Carlotta had to audition in front of a priest, wearing a pair of red high heels, to become a woman.

Maurice Blackburn
Thanks to our brand partner, Maurice Blackburn
When Hazel Roberts saw the picture of her child splashed across the front page of the newspaper, she almost fell off her stool at the local RSL.

‘Balmain Boy Becomes Beauty,’ read the headline. It was the first she had heard of her son Richard’s sex change.

The 1960s and ’70s were dangerous times for transgender Australians. A man in a feather boa on stage was wonderfully flamboyant and risque, but on the streets? It was scandalous.

Performing as a showgirl in the iconic Les Girls show, Carol ‘Carlotta’ Spencer was arrested for ‘offensive behaviour’ when she walked home from work through Sydney’s Kings Cross one night, face still painted. A man in women’s clothing.

Now in her seventies, Carlotta’s fight is not over and nor are the issues facing the trans community. And now she’s detailed her incredible battle for acceptance in the podcast, Fighting For Fair:

Listen here:

The ‘Queen of the Cross’ always felt more like a woman in a man’s skin. It wasn’t enough to perform it, she wanted to live it.


So the Sydney showgirl began hormone therapy. Her skin was softening and her breasts were growing. But she didn’t like the idea that she was a woman up top, and a man down below. That’s when she found out about the sex change surgeries being performed in Sydney hospitals.  But she says it was a procedure that was degrading, humiliating, and offensive.

“You had to sign up for all these tests,” she said. 

“They used to put wires on my head in some of the tests, make me look at obscene photos of people having sex, animals having sex, to see what my reaction was. To see if I get aroused I suppose.”

Les Girls. Image supplied.

Carlotta found the ordeal so degrading that she ended up pulling the wires off her head. This wasn't the way. A few weeks later, she tried again. This time in front of a panel of doctors, psychiatrists, a clergy man and a priest, who thought they should have a say in the Sydney showgirl's identity.

But in this room the test was different. Carlotta was instructed to step into a pair of towering red heels and cross the room. Prove her womanhood.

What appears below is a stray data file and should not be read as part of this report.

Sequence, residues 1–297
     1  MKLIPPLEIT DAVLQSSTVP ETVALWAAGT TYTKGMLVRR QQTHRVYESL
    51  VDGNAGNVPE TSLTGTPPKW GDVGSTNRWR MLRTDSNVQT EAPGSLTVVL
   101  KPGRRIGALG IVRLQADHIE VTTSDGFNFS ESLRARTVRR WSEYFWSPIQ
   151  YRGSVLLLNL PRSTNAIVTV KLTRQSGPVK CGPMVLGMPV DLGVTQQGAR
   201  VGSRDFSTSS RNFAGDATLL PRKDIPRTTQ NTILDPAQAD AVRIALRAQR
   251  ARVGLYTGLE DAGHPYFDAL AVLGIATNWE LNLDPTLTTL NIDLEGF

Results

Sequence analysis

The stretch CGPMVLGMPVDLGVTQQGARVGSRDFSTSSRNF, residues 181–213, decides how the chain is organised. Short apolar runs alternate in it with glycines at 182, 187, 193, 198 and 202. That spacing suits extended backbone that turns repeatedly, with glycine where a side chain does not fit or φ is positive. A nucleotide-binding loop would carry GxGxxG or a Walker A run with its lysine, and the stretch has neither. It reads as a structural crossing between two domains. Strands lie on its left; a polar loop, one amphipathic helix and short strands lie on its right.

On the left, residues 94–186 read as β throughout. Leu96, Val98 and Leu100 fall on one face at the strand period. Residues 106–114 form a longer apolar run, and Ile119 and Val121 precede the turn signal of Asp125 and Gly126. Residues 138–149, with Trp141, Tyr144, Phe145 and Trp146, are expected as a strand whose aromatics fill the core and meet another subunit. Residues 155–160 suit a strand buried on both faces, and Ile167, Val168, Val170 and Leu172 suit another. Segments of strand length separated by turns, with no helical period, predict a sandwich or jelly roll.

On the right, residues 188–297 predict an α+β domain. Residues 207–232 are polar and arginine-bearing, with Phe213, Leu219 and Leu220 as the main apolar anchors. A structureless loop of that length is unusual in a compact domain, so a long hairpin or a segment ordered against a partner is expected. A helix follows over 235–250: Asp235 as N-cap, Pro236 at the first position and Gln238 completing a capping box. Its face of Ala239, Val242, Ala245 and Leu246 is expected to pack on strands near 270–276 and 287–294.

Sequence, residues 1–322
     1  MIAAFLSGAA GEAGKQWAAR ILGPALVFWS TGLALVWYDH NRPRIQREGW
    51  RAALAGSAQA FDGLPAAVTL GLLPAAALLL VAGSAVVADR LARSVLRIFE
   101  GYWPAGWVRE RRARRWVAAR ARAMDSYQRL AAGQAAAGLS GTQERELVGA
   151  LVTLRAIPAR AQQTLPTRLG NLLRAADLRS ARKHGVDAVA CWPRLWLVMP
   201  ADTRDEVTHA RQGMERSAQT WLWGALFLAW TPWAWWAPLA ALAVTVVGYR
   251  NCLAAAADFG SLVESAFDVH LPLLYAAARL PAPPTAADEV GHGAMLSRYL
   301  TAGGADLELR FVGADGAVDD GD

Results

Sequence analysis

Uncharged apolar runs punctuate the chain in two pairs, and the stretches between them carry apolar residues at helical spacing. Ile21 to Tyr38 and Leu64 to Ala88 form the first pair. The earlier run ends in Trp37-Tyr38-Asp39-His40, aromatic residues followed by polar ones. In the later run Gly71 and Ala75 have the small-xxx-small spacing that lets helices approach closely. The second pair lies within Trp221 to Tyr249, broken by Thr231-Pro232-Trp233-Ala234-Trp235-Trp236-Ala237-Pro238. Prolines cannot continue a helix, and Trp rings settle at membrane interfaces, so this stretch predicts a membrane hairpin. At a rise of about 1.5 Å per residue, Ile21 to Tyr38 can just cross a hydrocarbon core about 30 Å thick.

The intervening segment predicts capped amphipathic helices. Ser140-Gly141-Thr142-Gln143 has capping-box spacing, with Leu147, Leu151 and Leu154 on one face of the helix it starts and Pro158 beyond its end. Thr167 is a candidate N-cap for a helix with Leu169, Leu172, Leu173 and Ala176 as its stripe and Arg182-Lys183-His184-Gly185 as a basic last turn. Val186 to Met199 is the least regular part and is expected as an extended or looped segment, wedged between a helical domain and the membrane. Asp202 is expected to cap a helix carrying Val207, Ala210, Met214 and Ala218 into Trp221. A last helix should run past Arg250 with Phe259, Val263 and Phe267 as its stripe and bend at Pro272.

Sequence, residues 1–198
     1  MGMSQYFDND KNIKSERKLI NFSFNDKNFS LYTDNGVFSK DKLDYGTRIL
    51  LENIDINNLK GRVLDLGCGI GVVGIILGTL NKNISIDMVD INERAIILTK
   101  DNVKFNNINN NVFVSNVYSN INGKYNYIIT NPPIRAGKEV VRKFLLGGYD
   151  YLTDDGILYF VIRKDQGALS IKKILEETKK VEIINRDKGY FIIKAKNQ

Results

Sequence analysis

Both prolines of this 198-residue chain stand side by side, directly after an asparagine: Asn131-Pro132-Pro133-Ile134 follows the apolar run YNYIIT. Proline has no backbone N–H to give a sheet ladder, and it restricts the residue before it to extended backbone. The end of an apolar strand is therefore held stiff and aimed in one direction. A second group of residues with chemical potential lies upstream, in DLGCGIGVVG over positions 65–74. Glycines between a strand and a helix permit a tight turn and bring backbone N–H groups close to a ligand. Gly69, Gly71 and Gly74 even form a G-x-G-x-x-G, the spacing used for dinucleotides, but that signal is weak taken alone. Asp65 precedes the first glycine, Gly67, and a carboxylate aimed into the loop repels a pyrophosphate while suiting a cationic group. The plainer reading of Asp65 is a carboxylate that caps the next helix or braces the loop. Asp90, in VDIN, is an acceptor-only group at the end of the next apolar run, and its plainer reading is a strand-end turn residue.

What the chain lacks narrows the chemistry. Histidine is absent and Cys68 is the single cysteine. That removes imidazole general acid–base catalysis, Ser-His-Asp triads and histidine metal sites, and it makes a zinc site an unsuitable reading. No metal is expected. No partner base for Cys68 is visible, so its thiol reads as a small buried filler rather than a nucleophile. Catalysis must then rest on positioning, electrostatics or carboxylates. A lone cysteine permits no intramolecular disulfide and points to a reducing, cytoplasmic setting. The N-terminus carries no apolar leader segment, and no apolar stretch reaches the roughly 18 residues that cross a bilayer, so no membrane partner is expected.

"I thought, what has this got to do with me wanting to have a sex change?" she said. 

"I just got so mad, I pulled the high heels off and I threw them at the table."

What do these shoes have to do with being a woman? Image via iStock.

Then a couple of weeks later, she got the letter.

After her surgery, Carlotta awoke to flashing cameras and the realisation that she'd been sold out to the press and was about to become Australia's most famous transgender woman. Everything changed for Carlotta in that hospital bed.

"I was really happy in myself," she could finally say. 

But now in her seventies, Carlotta's fight is not over and nor are the issues facing the trans community.

Carlotta. Image supplied.

Transgender males and females experience significantly higher rates of depression, abuse and discrimination than non-LGBTQI identifying Australians. They're also 20 times more likely to commit suicide.

"All through my life I've had this battle of being totally accepted for just being me," the former drag queen said.

"I've never put a male or female title on myself, I'm Carlotta."

To hear the rest of Carlotta's incredible story, listen to the full episode of Fighting For Fair above. If you want to subscribe to the podcast, go to, where you will find all of Mamamia’s podcasts, as well as any book we ever talk about on any of our shows in one place.

To demonstrate the importance of fighting not just for our own rights, but for the rights of all Australians, Mamamia in partnership with Maurice Blackburn Lawyers brings you Fighting for Fair. True stories of social justice from around Australia.


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